Comrade Editor. On life, journalism and the birth of Namibia, by Gwen Lister
Comrade Editor. On life, journalism and the birth of Namibia. Gwen Lister was born in East London, South Africa. After a convent education, she attained a Bachelor of Arts Degree at the University of Cape Town.
In 1976 she commenced work as a journalist at the Windhoek Advertiser in Namibia. She soon became deeply engrossed in political coverage in Namibia, adopting a critical stance towards the South African occupation of Namibia. In 1978 she and the former Editor of the Advertiser, Hannes Smith, started the Windhoek Observer. Lister at the time was also a correspondent for the Africa Service of the British Broadcasting Corporation (BBC) and the Canadian Broadcasting Corporation (CBC). In 1985, Lister started an independent newspaper, The Namibian. From the outset the newspaper was the only one of its kind in Namibia to expose ongoing atrocities and human rights violations of Namibians at the hands of South African security forces. She is the recipient of a number of international courage in journalism awards from, among others, the International Women's Media Foundation (IWMF) and the Committee to Protect Journalists (CPJ). She was also named a World Press Freedom Hero by the International Press Institute (IPI) in 2000. Gwen Lister has two children and lives in Namibia.
Memories in sepia
IT'S A STILL and oppressive evening. Clouds are building, as they do for days before it rains, but there's no relief yet from the heat of the Namibian summer. However, it cushions me in an appealing warmth. I squat down in front of a trunk filled with memorabilia. Wryly, I realise that I've begun to lose the suppleness of youth. Tracking back over decades to discover how and why my activism and journalism roots were nurtured, I sift through childhood keepsakes, and come upon an old black-and-white studio photograph. Discoloured with age, it shows a shy and diffident girl of about five, with neatly cut hair and bangs, chin tucked into chest, eyes wide open, but seemingly focused on an inner world. How did she become me, I wonder, marvelling at my sudden memory of the red-collared dress, home-sewn, with neatly embroidered white flowers. I can picture my mother off camera, saying 'Smile, Gwen.' 'Why?' I must have asked, as I was clearly reluctant. One of the many questions I asked as a child, a precursor perhaps to a life in journalism. At that time, we were living in East London, the town where I was born in December 1953. But we did not stay there for long. My father worked for Barclays Bank, and was transferred regularly, so I have scattered memories of a childhood spent in many different places in South Africa. Later, after I had left home, my parents also spent several years in what was then known as South West Africa. When my brother and I heard the dreaded word 'transfer', we knew we'd soon be off to somewhere else. We would put down tentative roots, shake off our reserve and make new friends, only to find ourselves back on the road to different surroundings, strange schools and unfamiliar houses that never quite became home. Both my parents were born and raised in the Eastern Cape. My father, an only child, had received an elite education at St Andrews College in Grahams-town. A good-looking man, with a neatly trimmed moustache, he had inherited my grandmother's charm, and was well-liked by just about everyone. Dark-haired and vivacious, my mother, Joan, was only twenty when she gave birth to me, and my father just four years older. [...]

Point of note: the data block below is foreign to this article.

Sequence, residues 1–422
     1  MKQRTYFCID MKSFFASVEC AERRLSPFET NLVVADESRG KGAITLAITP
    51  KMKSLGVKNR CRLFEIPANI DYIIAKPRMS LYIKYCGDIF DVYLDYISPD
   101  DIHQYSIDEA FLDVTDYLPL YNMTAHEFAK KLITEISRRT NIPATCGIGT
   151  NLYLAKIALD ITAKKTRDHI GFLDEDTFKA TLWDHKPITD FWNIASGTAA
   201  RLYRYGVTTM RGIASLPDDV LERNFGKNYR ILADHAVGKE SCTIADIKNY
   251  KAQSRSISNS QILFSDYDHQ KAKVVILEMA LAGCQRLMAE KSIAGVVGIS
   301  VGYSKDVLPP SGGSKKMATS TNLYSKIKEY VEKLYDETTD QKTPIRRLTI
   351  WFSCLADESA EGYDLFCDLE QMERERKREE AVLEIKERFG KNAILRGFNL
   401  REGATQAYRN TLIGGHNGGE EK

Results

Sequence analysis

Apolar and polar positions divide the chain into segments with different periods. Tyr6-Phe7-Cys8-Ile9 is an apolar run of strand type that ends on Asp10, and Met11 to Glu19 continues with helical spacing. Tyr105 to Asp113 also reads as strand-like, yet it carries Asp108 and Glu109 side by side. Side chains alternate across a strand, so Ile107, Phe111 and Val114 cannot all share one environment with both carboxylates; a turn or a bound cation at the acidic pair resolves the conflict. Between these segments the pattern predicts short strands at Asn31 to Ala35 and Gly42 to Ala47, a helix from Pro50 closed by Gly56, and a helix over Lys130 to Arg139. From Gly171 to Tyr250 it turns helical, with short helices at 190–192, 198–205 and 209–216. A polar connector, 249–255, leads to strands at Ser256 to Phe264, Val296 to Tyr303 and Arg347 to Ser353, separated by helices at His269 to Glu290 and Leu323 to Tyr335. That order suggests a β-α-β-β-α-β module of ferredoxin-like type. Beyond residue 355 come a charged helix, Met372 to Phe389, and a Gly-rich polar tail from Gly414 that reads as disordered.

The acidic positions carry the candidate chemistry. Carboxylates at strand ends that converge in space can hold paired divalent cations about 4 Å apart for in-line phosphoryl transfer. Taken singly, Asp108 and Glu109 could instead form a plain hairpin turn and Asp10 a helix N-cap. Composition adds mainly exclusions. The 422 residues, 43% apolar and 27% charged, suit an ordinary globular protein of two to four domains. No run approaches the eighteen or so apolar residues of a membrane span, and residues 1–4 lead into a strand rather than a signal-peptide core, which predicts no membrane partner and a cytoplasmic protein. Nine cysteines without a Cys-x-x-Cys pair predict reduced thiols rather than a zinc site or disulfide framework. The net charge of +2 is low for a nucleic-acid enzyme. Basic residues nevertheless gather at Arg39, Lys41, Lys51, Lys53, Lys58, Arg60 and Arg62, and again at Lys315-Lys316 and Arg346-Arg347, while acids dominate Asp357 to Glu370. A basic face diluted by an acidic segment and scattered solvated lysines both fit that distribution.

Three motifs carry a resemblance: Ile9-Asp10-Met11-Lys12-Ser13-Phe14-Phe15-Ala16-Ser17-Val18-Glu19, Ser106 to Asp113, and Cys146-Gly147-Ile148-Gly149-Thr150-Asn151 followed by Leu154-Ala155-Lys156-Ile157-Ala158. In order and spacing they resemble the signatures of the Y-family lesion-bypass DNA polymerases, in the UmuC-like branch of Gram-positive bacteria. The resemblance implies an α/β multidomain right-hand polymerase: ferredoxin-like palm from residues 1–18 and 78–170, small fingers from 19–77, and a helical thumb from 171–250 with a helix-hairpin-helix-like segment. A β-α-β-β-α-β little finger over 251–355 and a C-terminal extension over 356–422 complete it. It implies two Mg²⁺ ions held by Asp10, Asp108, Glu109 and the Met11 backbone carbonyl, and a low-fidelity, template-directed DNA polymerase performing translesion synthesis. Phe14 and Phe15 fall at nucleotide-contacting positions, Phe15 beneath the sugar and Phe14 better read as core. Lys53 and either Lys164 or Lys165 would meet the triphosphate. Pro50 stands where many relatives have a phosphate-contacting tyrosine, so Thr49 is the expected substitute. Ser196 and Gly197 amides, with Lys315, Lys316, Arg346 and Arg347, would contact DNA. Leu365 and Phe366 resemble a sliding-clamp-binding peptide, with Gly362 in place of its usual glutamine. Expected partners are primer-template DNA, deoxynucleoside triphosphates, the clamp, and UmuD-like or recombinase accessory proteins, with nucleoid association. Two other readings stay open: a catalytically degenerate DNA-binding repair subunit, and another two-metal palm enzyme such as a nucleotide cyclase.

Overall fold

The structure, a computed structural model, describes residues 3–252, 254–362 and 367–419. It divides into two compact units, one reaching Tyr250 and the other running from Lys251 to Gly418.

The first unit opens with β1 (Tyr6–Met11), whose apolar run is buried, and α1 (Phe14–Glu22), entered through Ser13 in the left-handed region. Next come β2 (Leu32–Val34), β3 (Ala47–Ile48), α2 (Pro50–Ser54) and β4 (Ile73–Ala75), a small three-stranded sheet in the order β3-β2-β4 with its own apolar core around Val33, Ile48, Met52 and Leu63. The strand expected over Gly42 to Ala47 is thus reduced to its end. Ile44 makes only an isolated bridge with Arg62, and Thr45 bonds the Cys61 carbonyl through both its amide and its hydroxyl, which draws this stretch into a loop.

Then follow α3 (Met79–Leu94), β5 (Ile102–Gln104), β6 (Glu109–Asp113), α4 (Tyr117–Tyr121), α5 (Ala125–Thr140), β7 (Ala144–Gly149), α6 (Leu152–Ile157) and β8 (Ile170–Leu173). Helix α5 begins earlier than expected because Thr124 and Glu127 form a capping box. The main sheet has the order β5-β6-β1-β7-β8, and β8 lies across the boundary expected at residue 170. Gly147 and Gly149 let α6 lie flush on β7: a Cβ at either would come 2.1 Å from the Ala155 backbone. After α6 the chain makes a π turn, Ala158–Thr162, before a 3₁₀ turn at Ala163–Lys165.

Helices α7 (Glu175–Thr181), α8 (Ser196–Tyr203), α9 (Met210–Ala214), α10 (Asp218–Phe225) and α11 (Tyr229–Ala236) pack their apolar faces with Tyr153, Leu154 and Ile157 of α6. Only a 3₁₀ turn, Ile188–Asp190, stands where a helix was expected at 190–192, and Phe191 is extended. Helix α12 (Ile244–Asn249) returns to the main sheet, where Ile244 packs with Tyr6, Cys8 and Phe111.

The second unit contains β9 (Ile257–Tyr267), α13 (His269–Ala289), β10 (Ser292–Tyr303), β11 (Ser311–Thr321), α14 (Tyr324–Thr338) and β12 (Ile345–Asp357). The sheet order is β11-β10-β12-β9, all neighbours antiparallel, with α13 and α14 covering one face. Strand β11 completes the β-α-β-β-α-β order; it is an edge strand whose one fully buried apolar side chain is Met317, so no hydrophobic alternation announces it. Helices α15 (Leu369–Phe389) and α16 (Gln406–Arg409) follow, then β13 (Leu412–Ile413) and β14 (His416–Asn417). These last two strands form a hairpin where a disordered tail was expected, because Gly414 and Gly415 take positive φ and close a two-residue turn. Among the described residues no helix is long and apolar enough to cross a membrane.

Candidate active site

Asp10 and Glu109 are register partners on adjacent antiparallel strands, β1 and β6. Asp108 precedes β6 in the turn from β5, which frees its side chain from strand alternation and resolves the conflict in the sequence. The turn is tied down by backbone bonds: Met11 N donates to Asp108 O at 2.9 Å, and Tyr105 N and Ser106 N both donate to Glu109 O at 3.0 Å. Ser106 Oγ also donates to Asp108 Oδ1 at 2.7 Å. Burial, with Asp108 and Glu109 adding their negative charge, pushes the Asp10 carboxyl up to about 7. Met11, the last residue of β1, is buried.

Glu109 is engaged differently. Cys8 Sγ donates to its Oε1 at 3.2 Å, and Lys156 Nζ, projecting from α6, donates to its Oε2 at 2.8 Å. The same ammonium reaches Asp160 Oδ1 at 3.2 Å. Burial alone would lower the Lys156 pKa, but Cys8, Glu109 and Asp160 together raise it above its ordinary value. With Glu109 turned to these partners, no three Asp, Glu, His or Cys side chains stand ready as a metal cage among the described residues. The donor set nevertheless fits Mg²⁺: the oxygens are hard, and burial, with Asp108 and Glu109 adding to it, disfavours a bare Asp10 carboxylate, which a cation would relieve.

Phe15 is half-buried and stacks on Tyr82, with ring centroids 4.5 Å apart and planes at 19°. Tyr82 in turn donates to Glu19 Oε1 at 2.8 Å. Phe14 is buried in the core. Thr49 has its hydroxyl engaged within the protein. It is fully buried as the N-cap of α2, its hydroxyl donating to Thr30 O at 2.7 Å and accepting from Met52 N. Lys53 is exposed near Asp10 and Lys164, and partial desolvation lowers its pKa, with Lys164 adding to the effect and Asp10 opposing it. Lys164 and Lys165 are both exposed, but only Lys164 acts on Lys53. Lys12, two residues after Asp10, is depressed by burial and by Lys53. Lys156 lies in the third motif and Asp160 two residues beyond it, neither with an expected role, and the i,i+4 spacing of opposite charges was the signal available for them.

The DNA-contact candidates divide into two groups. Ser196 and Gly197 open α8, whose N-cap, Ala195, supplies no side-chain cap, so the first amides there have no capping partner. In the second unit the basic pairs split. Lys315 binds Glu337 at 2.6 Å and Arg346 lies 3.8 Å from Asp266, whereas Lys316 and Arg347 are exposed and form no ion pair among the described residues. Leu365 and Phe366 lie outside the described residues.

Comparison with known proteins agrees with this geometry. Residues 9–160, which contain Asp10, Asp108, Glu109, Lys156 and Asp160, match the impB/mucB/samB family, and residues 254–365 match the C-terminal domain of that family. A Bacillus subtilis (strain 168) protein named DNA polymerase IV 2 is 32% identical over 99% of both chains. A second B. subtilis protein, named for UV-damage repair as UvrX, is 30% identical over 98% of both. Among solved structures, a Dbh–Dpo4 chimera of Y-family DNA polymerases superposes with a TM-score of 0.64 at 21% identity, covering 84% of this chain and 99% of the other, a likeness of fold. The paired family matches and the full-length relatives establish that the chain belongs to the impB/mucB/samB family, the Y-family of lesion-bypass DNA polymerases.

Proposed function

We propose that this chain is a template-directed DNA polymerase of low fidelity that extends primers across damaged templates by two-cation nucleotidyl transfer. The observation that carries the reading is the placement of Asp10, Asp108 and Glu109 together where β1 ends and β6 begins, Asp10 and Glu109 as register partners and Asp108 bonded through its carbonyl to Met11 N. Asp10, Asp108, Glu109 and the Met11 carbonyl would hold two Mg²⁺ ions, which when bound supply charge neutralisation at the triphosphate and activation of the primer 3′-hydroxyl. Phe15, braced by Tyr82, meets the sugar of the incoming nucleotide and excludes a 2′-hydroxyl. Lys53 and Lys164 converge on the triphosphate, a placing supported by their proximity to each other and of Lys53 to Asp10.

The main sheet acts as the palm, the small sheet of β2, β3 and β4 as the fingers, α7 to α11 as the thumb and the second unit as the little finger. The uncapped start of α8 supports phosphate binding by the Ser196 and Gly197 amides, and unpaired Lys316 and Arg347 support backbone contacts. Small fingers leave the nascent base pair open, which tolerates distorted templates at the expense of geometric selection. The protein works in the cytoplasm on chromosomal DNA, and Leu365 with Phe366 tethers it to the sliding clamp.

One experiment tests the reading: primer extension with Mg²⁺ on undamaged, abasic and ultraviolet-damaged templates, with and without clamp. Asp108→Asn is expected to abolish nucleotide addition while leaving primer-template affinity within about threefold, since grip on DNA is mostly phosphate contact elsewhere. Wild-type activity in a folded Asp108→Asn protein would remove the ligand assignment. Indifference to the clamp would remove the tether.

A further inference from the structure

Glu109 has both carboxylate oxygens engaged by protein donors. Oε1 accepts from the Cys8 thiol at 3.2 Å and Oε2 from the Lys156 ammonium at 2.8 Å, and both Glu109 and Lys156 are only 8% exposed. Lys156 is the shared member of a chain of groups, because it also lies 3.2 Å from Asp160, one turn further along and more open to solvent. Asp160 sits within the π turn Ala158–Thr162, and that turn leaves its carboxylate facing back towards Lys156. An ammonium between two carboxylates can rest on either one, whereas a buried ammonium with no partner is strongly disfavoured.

This is an excerpt from Comrade Editor: On life, journalism and the birth of Namibia, by Gwen Lister.
Title: Comrade Editor
Subtitle: On life, journalism and the birth of Namibia
Publisher: NB Publisher
Kapstadt, South Afrika 2021
ISBN 9780624092568 / ISBN 978-0-62-409256-8
Softcover, 15 x 23 cm, 388 pages, numerous b/w photos
Lister, Gwen im Namibiana-Buchangebot
Comrade Editor: On life, journalism and the birth of Namibia is the story of Gwen Lister, the activist journalist.
On Solid Ground is a report on Gabrielle Lubowski’s life irrevocably changed when her husband ans SWAPO activist Anton Lubowski’s, was gunned down outside his home in Namibia in 1989.
'Ein Land, eine Zukunft. Namibia auf dem Weg in die Unabhängigkeit' will mit zahlreichen Beiträgen über Ideologie und Praxis des Kolonialsystems in Namibia sowie über politische und gesellschaftliche Utopien und Alternativen informieren.